KANSAS CITY, Mo. — Friday, Jackson County legislators decided to hold their vote in asking taxpayers to extend an existing sales tax.
The proposal would ask voters for a 40-year extension on the 3/8-cent sales tax for the two stadiums.
The money from the sales tax would continue to go toward the Kansas City Chiefs and Kansas City Royals stadiums.
However, some legislators want more discussion ensuring rules are followed, and a whole lot more answers from the Royals.
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“Considering we don’t even know what location they are looking to place the Royals,” said Jeanie Lauer, Jackson County legislator.
Legislators say they won’t rush a decision while they continue to wait on the team's answers.
“We cannot make a mistake, we cannot cut corners," said Jalen Anderson, Jackson County Legislator. "We are representing all Jackson Countians, not just the chosen few who may want a downtown stadium, who may want this to go on the ballot.”
In the meeting legislators held no discussion or a pause, just a vote to table and hold the sales tax extension for voters.
Stand Up KC workers call it a victory for their movement.
“I got the impression that if we weren’t here in full force, this thing would be pushed through on a whim, so I think our presence very much impacted their thoughts,” Terrence Wise with Stand Up KC said.
“They are not just going to take my hard-earned money and not give us anything in return,” said Bill Thompson, another worker with Stand Up KC.
Thompson’s been a service worker for 35 years and this stadium move directly impacts his job. He says he’s focused on ensuring a community benefits agreement.
“As the Royals have said, they want this move and construction to be a live, work and play,” he said. “Well, we can’t afford to live, work or play without affordable housing or a living wage. We want the community benefits agreement to come first and right now they’re putting the workers last in this project. It’s our money they are taking out of our pockets, we want something for the community to lift it up.”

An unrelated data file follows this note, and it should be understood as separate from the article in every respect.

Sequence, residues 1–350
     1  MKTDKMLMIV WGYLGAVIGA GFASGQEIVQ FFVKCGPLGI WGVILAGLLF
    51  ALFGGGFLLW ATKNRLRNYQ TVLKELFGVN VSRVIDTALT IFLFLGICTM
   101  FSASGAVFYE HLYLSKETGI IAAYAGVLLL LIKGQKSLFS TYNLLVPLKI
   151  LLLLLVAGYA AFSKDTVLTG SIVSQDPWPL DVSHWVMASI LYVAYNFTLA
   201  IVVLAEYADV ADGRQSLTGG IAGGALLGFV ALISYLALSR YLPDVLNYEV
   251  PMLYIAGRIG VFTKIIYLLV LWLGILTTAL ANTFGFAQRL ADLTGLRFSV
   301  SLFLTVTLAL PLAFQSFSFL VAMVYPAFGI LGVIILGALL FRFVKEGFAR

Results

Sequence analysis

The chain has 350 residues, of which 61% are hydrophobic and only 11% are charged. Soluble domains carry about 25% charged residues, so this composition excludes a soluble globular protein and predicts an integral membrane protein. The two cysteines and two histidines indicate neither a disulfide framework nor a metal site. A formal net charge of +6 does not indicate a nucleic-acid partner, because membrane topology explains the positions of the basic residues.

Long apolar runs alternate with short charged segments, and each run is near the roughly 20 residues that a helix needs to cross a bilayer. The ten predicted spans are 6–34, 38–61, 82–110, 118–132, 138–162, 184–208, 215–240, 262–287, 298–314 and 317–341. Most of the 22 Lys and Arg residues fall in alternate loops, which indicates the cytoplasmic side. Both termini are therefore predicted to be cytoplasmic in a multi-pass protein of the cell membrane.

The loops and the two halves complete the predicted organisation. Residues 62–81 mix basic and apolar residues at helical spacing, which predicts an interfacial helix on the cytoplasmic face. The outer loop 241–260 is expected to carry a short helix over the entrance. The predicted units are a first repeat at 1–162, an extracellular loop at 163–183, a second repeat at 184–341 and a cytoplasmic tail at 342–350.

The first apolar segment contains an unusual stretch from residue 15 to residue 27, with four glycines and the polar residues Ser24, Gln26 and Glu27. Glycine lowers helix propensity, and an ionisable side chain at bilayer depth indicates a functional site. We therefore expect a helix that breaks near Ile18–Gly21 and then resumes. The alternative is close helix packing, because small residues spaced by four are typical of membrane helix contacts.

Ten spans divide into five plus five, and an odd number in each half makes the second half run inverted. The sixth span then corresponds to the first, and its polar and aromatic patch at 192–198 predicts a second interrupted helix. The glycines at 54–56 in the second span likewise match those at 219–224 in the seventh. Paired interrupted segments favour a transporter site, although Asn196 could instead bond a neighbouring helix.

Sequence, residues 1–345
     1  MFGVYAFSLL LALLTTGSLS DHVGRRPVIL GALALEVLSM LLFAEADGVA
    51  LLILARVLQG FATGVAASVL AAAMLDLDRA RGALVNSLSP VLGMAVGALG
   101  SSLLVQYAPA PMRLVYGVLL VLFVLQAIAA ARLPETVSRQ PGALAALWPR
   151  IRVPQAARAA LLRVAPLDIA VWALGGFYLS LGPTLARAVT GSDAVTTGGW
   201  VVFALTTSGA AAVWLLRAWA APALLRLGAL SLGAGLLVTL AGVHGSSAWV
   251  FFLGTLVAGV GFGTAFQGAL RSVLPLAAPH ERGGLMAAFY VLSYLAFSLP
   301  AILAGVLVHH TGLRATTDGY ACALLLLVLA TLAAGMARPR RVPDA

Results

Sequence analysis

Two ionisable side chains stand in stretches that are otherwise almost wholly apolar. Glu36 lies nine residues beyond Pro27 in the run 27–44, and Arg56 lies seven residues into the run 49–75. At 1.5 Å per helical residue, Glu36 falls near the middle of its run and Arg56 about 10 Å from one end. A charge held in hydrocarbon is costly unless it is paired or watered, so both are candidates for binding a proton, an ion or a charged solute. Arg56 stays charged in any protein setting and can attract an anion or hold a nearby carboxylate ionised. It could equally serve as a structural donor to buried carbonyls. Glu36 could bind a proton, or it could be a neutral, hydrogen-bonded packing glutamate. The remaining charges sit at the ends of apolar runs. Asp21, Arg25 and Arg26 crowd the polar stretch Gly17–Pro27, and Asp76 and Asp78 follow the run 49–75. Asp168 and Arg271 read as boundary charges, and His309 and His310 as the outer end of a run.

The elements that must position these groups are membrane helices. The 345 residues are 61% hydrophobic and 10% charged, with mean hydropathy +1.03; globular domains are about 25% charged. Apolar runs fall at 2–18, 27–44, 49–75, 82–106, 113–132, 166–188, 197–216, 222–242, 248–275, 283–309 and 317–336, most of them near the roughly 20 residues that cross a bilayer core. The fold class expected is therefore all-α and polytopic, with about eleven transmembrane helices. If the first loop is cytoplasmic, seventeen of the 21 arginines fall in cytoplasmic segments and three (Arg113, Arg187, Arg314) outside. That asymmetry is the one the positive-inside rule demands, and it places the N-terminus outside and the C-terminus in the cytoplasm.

Wise says because this decision will impact KC for the next 40 years, it's not something we should rush into.
“Whether it gets on the April ballot, this 3/8 cent gets passed, should be the afterthought," he said. "Before the Royals get any of our tax dollars or any agreement signed, they need to have a seat at this table with folks in this coalition to talk about what a strong community benefits agreement looks like.”
Legislators told KSHB 41 News that the county is meeting with the Royals to see what they can get done.
“I know it seems like it’s a very short period of time, but I know they are meeting frequently and regularly to see what they can do to address things in this short period of time,” Lauer said.
“I will say, I’m being patient in all of this, we will do the right thing for taxpayers,” Anderson said. “Rushing into anything and trying to get something done because of this feeling of hurrying is a very dangerous thing. We’ve never really taken on this amount of changes that want to be done at the Truman Sports Complex, and this is much different than 2006. The Royals want to move, but again, I hope they stay in Jackson County, but we need to know where they are going first off and what’s their plan for that specific area.”
Jan. 23 is the deadline for an initiative to be placed on April’s ballot.
The team is expected to announce a new stadium site in 2024.